Look at the beauty of Jeddah jewelry design

The art of jewelry design is complex and requires a keen eye for detail, achieved with time and effort.

What could be better than bringing the beauty of such art from the heart of Old Jeddah.

Making jewelry can seem a little intimidating as it requires working with solid materials, sharp tools, and a lot of patience. But despite all the difficulties, Ayat Dahi, a young Saudi artist and jeweler from Jeddah, decided to unleash her artistic talents and open her own jewelry studio. At the same time, she also wanted to educate and inspire art among the young people in her society.

Dahi received her master’s degree in jewelry making from Savannah College of Art and Design in Georgia in 2017. She told Arab News that her interest in crafts was already there, but working towards a degree helped her to to grow.

“I started making jewelry 10 years ago, but I was just a beginner back then,” she said. “The real spark for jewelry making was ignited after I returned from the United States. “

Dealing with craft tools, such as a torch, sandpaper, hammers, and saws, requires a bit of strength and confidence.

“Although the tools I work with are considered dangerous and sharp, you have to be very careful and precise when using them,” Dahi said. “However, the beautiful result will always leave me surprised and impressed.”

She attended the annual Atlanta Jewelry Show in 2017.

“The exhibition brought together jewelry designers from all over in one place,” said Dahi, inspired by her love for coffee. “The pieces on display come from the culture of coffee. I would use a coffee bean in a ring instead of a gemstone and also had double rings which can be worn by couples or friends.

A woman of many talents, Dahi also works as a barista in one of Jeddah’s well-known cafes and was among the very first women to do so in the Kingdom.

She said she always tries to incorporate new items and designs into her jewelry to make it more contemporary and artistic. “In general, I like to produce jewelry that can be worn like jewelry and sometimes I choose to produce works of art with the same tools and techniques used for jewelry,” Dahi said. “However, it doesn’t matter whether the part is portable or not. It’s the process and the piece itself that ends up being beautifully crafted and designed.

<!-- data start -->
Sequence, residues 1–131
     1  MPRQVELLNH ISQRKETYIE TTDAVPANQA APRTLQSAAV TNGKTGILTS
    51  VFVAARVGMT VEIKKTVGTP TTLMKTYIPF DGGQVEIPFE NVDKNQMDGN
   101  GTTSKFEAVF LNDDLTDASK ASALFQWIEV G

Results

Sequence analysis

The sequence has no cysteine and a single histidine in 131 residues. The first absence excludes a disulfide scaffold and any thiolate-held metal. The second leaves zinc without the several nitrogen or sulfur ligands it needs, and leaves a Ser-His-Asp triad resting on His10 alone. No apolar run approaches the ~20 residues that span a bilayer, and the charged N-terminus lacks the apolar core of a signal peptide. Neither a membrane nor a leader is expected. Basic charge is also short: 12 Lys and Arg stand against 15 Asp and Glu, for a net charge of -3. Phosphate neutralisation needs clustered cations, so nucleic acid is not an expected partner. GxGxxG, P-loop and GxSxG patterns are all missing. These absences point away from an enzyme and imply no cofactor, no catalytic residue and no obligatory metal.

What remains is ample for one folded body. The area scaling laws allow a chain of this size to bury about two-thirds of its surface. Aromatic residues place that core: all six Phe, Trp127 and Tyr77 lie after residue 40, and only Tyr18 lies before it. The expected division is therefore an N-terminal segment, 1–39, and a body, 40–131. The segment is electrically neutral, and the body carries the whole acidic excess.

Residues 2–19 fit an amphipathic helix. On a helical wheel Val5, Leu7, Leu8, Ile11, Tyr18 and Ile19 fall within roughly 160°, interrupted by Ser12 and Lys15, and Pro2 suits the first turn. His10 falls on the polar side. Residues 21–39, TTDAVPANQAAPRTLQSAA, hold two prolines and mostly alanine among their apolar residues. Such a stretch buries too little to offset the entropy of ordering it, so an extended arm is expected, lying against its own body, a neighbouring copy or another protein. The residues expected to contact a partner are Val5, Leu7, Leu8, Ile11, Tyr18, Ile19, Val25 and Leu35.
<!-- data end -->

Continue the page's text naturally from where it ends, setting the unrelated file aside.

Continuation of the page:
She then explained that there are endless techniques in jewelry making. It starts with presenting an idea, researching and sketching the design, then cutting, polishing and soldering.

“I believe that having an artistic imagination for designing is one of the most valuable assets in crafting,” Dahi said. “Once I’m done designing and building a part, I really feel accomplished knowing that I’m the one behind it. “

In 2019, Dahi graduated in Traditional Arts from Jameel House of Tradition Arts, located in old downtown Jeddah, known as Al-Balad. This is also where his workshop is located, near the Nassif House-Museum, built by Omar Nassif in 1881.

“I chose to have a studio in Al-Balad because it is one of the historic neighborhoods dearest to my heart, and I think it is also a very inspiring place for so many people,” she declared.

“I want visitors to experience the true meaning of an art studio, so I chose the Al-Balad neighborhood, where they will have to walk between old streets and alleys to reach the studio.”

Ayat Studio offers weekly jewelry and pottery making workshops for beginners and advanced levels for both genders. The studio also supports other artists by providing them with a space to offer workshops. Dahi also aims to exchange experiences and learn new things through these workshops.

In 2020, she decided to open her jewelry studio and although the coronavirus pandemic (COVID-19) was a global crisis, Dahi remained optimistic and focused on her art.

“During the pandemic, I was busy working on various things in my home studio and sharing what I accomplished via social media,” she said. “It caught people’s attention and many then wanted a visit. After that, I decided to open a studio in the city center.

Inspired by her surroundings, the jewelry designer is working on a souvenir project of a wearable jewelry collection driven by Al-Balad’s many historic sites and architectural designs.

This article has been adapted from its original source.


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